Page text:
Winnie the Pooh on Change

Apr 17, 2013 No Comments by

English author A.A. Milne is best known as the creator of Winnie the Pooh.  Portrait-of-AA-Milne

Most of his tales of the Hundred Acre Wood involved characters such as Tigger, Eeyore and Christopher Robin, but some of the most memorable lines are exchanged between best friends Pooh and Piglet.


Milne’s writings may have been directed toward children, but they contain embedded insights of great value to adults as well.

Tao-of-PoohSome of my favorite Milne references involve being less impulsive and reflecting fondly on one’s friends and the comforts of life.


Milne’s works even became the subject of a popular book a few years ago called “The Tao of Pooh” which encouraged people to slow down and take a more introspective view of life and relationships.

Today I’ll share six quotes related to Milne’s work. 

Each quote has a message for Change Agents.  



I’ll start with my personal favorite from “The Tao of Pooh”:

Tao of Pooh Banner


“You can’t save time. You can only spend it. But you can spend it wisely or foolishly.”

This one is pretty self-explanatory. We each start the day with the exact same time resources. Even if half of our day is already defined for us before we wake up, as Change Agents we should always remember that how we spend our time is – and always will be – the collective result of the choices we’ve made based on our values and our priorities. winnie-the-pooh-honey

If my statement makes the hair on the back of your neck stand up, please take a deep breathe, re-read it and try again.

“Don’t underestimate the value of Doing Nothing, of just going along, listening to all the things you can’t hear, and not bothering.”

Early in my career, a boss introduced me to an old rule of thumb based on the number of holes in my head. He called it Cardinal Rule 2.2.1 and it goes like this: “You have five holes in your head and they are meant to be used in proportion. Spend 40% of your effort using your two ears to listen and another 40% using your two eyes to watch. Spend the other 20% opening your mouth to talk.”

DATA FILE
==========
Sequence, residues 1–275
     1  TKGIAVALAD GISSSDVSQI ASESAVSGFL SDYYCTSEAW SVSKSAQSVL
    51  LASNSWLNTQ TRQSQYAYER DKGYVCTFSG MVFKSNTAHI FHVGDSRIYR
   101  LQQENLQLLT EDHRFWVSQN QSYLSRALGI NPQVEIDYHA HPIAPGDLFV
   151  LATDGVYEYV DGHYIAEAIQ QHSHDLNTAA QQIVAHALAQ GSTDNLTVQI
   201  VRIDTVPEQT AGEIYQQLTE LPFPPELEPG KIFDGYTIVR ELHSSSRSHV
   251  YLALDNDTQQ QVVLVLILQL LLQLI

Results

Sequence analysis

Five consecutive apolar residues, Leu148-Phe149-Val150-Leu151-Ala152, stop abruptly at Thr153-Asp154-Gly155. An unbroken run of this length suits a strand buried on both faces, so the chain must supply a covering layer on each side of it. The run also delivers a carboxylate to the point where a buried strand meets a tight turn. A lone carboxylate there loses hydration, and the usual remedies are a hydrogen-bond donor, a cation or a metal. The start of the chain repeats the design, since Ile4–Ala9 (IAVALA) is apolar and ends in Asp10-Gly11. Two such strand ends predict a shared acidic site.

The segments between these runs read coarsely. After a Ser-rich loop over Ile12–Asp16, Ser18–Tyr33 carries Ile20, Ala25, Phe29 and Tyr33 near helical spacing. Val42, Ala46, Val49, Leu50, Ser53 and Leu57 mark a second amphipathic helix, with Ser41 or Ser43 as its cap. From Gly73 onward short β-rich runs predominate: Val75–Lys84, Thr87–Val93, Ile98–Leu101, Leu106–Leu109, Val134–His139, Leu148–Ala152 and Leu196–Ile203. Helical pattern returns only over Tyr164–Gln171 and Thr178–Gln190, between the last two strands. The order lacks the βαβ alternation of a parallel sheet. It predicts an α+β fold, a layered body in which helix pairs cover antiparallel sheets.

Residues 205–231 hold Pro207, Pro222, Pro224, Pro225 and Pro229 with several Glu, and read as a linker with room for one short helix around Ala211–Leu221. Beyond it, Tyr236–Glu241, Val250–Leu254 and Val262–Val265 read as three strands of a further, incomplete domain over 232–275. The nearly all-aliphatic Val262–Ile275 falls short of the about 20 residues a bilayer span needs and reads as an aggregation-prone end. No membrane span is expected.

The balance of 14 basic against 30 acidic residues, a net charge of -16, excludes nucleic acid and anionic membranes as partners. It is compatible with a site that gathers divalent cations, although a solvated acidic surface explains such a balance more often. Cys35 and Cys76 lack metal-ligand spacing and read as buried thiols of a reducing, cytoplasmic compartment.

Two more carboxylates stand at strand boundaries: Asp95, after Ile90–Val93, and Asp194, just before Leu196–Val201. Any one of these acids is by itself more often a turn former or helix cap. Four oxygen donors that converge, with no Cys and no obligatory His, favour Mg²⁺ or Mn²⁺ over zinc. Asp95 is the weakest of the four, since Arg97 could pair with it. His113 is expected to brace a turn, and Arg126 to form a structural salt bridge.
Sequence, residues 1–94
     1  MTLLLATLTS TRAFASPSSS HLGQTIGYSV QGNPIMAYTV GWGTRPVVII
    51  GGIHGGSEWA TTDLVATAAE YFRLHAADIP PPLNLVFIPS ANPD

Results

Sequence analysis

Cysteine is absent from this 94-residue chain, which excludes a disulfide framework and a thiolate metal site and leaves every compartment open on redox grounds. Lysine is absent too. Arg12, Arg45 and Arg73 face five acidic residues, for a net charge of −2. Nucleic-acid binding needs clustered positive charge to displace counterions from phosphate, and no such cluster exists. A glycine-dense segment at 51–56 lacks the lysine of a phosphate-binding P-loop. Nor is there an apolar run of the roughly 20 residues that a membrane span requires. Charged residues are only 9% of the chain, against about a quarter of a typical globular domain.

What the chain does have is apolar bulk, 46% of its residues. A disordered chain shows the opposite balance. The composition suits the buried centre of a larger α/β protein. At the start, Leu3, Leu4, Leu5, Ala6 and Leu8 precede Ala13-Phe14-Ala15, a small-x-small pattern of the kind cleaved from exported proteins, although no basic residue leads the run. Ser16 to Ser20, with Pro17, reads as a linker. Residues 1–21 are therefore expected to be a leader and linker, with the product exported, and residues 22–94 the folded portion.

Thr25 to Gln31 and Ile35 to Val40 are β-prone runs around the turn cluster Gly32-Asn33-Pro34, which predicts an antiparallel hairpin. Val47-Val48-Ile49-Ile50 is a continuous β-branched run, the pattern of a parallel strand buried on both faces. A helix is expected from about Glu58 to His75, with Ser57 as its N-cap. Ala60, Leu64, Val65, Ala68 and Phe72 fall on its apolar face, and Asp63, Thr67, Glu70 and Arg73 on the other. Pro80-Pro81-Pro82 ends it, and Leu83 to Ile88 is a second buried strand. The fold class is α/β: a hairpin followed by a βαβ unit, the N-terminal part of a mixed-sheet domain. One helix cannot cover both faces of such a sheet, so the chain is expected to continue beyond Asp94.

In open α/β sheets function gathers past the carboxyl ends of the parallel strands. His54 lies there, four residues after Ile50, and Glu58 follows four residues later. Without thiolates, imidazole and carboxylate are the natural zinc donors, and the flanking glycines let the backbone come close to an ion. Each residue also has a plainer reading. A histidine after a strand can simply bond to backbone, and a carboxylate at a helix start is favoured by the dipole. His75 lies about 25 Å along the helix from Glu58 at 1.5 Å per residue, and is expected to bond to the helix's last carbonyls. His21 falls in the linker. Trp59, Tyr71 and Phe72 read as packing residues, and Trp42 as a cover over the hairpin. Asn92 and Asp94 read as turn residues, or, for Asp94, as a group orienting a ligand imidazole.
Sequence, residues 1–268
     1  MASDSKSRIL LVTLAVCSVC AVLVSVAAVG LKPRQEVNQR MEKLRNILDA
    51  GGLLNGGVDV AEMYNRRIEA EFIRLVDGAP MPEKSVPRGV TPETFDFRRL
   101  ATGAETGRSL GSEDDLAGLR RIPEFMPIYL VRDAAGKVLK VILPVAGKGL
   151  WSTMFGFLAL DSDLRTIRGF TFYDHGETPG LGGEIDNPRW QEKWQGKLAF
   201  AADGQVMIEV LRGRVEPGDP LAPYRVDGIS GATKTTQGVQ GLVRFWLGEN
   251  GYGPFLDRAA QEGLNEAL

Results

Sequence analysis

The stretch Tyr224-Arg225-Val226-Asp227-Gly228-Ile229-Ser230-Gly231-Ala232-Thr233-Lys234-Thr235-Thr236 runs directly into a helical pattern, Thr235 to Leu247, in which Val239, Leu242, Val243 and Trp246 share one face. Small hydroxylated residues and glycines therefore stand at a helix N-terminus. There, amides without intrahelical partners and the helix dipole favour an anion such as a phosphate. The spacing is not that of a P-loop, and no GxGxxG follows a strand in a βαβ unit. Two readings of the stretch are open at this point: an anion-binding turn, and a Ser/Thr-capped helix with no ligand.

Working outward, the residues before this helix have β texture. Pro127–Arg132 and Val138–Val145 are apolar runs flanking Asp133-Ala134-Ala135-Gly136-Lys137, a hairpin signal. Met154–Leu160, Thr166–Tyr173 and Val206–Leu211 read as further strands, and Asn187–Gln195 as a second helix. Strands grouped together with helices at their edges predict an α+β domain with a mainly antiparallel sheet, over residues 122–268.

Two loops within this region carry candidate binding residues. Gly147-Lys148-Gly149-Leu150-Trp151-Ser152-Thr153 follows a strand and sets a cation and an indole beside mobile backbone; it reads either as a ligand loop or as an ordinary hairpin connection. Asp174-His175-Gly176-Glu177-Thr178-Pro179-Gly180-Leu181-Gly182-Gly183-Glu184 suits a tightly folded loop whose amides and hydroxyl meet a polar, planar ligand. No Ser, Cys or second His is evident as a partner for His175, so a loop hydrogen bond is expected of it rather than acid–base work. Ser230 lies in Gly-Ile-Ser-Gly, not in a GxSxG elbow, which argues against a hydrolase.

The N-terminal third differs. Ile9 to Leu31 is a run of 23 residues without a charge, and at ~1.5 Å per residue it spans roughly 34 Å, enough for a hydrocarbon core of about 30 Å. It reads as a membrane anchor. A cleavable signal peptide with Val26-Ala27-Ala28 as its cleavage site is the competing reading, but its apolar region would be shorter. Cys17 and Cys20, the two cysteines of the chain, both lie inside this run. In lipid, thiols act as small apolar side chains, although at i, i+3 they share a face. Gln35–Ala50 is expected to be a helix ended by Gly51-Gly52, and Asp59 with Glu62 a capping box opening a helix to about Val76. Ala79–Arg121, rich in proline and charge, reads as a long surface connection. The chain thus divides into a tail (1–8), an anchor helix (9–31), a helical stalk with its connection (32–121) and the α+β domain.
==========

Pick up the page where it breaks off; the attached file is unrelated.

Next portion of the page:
I encourage Change Agents to listen first, talk second and continuously watch for the telltale signs of stakeholders in need.


The Boss Is Mad“Weeds are flowers, too, once you get to know them.”

As a Change Agent, I can almost guarantee that you will eventually bump into someone who doesn’t think highly of you. In fact, they might express outright disdain for you. Sometimes this is because you represent a change that is going to be difficult for them. Sometimes it’s just because of the way you look or speak. 

Rather than confronting the person or seeking to “defeat” them or “fix” them, try listening to their needs without absorbing the negative blow. This will not be easy, but it can be done and the payoff can be great.

I still remember the first time that I handled this type of situation well. Someone blasted me without mercy – mostly because I of what I represented. I calmly and respectfully allowed him to vent (in front of a large room full of people) and he eventually caved in to peer pressure and started contributing in a more productive way. It opened new doors of capability for me to be able to help people who genuinely disliked me.


“You’re braver than you believe, and stronger than you seem, and smarter than you think.”


Don’t shrink from your role as a Change Agent. You have more influence than you may realize and your knowledge of the overall situation gives you a unique perspective. Even if your natural inclination is to be more introverted than extroverted, you can still represent the change in a way that positively influences others.

 WinnieThePooh Book Cover

 “Rivers know this: there is no hurry. We shall get there some day.”

 “The things that make me different are the things that make me.”

Each person brings unique skills and experiences to the change process. Instead of trying to squeeze everyone into the same mold, Change Agents should consider leveraging different “champions” to reach different stakeholders and allowing stakeholders to adapt at their own pace (within reasonable limits). Listen to the experiences of others as they go through the change and share these potentially helpful ideas with others. Most of all, don’t try to “hammer” people through the change adoption process. Instead take the approach of providing them with the resources and time to adapt on their own where possible.


It turns out that Pooh Bear had some pretty sharp insight for a stuffed animal…


Question for Chatter:

  1. Which of Pooh’s ideas for Change Agents sound like they might work for you?


Orange Line


Change Agent Skills, Change Communication, Change Execution, Change Leadership, Stakeholder Readiness, Team Dynamics

About the author

I help people and teams succeed with big changes... never a dull moment!
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